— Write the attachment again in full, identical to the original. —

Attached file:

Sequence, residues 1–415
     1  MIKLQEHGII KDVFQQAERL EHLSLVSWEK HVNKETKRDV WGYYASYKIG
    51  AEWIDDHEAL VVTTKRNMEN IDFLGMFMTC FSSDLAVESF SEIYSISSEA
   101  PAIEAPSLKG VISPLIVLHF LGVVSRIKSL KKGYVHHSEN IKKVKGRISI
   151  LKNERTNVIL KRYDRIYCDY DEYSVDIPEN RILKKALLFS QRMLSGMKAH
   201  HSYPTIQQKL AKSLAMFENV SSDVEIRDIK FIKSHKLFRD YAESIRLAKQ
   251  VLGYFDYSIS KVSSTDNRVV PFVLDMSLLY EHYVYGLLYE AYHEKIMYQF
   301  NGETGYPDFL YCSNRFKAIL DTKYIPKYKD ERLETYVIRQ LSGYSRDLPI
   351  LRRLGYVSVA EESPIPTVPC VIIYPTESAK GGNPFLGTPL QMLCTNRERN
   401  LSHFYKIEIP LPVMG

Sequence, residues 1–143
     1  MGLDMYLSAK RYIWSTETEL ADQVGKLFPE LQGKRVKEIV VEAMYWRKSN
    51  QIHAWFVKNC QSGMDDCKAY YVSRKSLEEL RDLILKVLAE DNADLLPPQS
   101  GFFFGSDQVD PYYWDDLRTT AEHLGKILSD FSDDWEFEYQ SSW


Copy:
Sequence, residues 1–415
     1  MIKLQEHGII KDVFQQAERL EHLSLVSWEK HVNKETKRDV WGYYASYKIG
    51  AEWIDDHEAL VVTTKRNMEN IDFLGMFMTC FSSDLAVESF SEIYSISSEA
   101  PAIEAPSLKG VISPLIVLHF LGVVSRIKSL KKGYVHHSEN IKKVKGRISI
   151  LKNERTNVIL KRYDRIYCDY DEYSVDIPEN RILKKALLFS QRMLSGMKAH
   201  HSYPTIQQKL AKSLAMFENV SSDVEIRDIK FIKSHKLFRD YAESIRLAKQ
   251  VLGYFDYSIS KVSSTDNRVV PFVLDMSLLY EHYVYGLLYE AYHEKIMYQF
   301  NGETGYPDFL YCSNRFKAIL DTKYIPKYKD ERLETYVIRQ LSGYSRDLPI
   351  LRRLGYVSVA EESPIPTVPC VIIYPTESAK GGNPFLGTPL QMLCTNRERN
   401  LSHFYKIEIP LPVMG

Sequence, residues 1–143
     1  MGLDMYLSAK RYIWSTETEL ADQVGKLFPE LQGKRVKEIV VEAMYWRKSN
    51  QIHAWFVKNC QSGMDDCKAY YVSRKSLEEL RDLILKVLAE DNADLLPPQS
   101  GFFFGSDQVD PYYWDDLRTT AEHLGKILSD FSDDWEFEYQ SSW